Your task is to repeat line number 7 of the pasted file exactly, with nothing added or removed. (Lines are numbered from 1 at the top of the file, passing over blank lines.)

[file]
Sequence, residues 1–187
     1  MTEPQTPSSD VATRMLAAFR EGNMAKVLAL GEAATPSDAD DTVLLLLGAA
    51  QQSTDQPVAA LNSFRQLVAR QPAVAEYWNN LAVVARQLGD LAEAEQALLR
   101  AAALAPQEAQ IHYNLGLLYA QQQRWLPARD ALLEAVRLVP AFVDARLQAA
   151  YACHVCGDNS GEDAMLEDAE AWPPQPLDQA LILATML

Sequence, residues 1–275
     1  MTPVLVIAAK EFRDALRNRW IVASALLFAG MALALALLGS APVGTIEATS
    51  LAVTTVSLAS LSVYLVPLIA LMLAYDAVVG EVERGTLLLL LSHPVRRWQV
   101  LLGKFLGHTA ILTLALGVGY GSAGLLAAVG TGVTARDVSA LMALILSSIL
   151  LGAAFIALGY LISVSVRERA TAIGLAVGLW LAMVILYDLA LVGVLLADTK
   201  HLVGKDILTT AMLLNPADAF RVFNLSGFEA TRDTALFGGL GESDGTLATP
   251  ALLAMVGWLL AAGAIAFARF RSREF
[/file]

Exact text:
     1  MTPVLVIAAK EFRDALRNRW IVASALLFAG MALALALLGS APVGTIEATS